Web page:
The Minority in Parliament has said its plan to push for President John Mahama’s impeachment over his acceptance of the Ford Expedition gift from a Burkinabe contractor, has reached an advanced stage.

Citi News last week published exclusive details of the Minority’s plan to commence the process, prompting strong reactions and condemnation from Majority lawmakers.

Deputy Minority Leader, Dominic Nitiwul, says his side has the more than the 93 MPs required to initiate the process of removing the President from office.

The Bimbilla MP, who was speaking at the campaign launch of the NPP in the Anyaa-Sowutuom Constituency in the Greater Accra Region, said the Minority will soon kick start the process in Parliament.

“Do you want us to impeach President Mahama? If the Minority wants to take that step we need only 93 members of Parliament. The NPP has only 122 Members of Parliament so we are more than capable of impeaching the President. If you want us to do that you will hear from us very soon. All we are saying is that, change will come very soon.”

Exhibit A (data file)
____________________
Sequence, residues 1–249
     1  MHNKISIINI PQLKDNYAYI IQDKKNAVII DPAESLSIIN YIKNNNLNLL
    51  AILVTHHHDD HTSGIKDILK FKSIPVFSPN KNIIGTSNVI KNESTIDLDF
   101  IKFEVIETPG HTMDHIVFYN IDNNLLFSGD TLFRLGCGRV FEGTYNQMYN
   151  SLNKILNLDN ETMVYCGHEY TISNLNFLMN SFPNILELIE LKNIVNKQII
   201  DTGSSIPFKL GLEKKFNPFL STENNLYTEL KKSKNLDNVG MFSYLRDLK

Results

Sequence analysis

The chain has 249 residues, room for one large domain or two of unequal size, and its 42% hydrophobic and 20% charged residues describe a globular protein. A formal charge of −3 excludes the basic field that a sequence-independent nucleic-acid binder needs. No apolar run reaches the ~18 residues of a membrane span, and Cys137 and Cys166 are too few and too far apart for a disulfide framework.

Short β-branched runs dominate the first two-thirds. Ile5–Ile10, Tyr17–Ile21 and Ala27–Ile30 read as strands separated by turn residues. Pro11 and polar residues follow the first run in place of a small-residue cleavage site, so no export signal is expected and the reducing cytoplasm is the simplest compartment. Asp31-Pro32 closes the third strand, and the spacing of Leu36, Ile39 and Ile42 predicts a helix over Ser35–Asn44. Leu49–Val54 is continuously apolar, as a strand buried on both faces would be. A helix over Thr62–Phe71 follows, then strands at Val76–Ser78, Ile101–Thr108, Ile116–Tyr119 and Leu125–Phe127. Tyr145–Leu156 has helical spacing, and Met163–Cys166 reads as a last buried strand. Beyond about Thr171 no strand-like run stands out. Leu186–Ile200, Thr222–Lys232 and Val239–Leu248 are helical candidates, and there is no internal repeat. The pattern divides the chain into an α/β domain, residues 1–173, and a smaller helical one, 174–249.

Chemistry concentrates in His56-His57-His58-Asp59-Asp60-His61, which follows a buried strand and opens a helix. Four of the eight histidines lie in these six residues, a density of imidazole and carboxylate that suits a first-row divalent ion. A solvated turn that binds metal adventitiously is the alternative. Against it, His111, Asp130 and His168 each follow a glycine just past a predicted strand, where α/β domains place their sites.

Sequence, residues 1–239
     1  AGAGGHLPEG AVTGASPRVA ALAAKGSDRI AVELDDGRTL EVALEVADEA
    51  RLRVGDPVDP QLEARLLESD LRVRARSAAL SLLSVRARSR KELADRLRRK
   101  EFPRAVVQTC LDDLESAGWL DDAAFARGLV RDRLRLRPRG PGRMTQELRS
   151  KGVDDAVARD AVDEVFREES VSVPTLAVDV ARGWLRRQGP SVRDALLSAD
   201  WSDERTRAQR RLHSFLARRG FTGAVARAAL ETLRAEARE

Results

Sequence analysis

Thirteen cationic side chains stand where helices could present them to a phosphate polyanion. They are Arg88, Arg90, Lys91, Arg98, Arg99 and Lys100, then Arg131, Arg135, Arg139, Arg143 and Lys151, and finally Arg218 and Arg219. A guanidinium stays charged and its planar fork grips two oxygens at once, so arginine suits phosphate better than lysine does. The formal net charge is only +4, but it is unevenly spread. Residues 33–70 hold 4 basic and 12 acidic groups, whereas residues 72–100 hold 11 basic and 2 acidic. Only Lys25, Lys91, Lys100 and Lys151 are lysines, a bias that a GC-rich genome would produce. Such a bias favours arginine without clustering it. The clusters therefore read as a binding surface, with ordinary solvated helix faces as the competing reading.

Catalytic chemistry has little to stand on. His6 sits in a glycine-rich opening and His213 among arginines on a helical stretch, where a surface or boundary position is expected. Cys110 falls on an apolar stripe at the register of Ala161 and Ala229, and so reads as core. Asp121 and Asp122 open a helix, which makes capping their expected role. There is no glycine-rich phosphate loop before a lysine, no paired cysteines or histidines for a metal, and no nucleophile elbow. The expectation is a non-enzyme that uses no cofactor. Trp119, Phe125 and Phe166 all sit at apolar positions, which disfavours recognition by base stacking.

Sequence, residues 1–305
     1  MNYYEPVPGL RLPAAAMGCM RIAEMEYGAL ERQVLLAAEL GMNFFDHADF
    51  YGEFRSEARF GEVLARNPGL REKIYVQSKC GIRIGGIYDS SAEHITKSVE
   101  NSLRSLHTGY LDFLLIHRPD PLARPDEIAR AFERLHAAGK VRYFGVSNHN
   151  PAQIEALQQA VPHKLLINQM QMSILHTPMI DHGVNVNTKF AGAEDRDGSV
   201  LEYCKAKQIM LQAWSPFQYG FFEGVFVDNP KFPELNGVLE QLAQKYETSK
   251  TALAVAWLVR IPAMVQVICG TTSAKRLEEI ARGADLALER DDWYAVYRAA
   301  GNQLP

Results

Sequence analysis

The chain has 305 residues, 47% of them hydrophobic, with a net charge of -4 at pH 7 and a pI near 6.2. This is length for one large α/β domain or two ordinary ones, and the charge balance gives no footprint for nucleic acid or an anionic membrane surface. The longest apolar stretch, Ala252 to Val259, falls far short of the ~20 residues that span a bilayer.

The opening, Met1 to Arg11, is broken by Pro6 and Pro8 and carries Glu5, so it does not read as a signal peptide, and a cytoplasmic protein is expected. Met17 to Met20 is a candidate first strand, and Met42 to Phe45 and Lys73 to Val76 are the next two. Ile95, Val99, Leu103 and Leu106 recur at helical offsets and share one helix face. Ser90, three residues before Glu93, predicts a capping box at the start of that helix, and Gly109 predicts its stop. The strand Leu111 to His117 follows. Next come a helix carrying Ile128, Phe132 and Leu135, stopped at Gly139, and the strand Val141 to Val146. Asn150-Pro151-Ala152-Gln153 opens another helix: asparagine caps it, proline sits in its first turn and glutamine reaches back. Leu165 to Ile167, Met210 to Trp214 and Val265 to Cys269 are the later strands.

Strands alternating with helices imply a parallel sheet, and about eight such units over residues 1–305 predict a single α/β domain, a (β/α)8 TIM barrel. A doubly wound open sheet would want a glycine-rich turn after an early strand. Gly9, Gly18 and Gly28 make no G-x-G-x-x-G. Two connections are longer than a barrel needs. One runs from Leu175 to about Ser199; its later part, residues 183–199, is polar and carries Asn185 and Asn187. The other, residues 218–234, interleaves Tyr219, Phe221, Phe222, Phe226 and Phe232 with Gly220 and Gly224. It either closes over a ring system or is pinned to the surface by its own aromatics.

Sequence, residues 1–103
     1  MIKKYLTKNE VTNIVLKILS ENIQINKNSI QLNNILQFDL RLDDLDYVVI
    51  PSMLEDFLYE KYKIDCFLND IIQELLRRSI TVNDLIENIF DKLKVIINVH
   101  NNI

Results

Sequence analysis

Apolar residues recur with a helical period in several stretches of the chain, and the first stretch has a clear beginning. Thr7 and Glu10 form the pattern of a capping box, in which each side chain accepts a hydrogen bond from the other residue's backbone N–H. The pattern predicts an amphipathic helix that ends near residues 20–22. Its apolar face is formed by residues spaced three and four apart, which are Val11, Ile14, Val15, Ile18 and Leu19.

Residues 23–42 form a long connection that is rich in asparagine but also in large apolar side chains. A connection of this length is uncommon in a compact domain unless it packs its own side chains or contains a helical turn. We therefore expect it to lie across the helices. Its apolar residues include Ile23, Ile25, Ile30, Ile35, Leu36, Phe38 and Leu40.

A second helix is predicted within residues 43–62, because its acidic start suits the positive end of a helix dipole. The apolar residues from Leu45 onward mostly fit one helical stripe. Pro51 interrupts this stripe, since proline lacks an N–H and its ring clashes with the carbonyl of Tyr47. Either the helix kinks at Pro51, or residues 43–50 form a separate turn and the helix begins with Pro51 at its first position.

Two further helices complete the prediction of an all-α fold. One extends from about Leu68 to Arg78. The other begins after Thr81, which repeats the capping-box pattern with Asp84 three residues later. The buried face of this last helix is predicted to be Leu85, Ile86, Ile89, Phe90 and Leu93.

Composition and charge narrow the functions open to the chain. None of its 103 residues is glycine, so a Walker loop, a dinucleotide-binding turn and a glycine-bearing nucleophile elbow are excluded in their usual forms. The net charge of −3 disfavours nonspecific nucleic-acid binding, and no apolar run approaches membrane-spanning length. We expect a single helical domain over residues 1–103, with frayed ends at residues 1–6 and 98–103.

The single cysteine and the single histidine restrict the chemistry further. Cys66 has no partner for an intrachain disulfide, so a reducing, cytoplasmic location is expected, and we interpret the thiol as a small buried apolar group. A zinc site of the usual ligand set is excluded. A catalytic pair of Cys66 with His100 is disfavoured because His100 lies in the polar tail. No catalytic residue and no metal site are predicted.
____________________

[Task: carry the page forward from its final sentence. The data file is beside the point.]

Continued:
Minority MPs lead campaign to impeach Mahama

Last week, New Patriotic Party (NPP) lawmakers started collecting signatures of Members in the House in a bold move that insiders say could lead to a push for impeachment proceedings against the President.

At least 50 MPs from the Minority have so far appended their signatures to a document that may push for either Parliamentary investigation into the case or impeachment proceedings against the President.

The contractor, Djibril Kanazoe, is on record as having confirmed giving out the car as gift to Mr. Mahama, for which the President called to thank him. Media reports have quoted Mr. Kanazoe as saying the gift was a purely friendly gesture and not a dubious token aimed at influencing the Mahama administration to reciprocate by giving him government contracts.

But anti-corruption campaigners have called for a transparent probe, insisting that the car gift may have been a bribe disguised as a friendly gesture, especially as it came from a man whose company had executed two contracts for the government of Ghana.

Source: citifm

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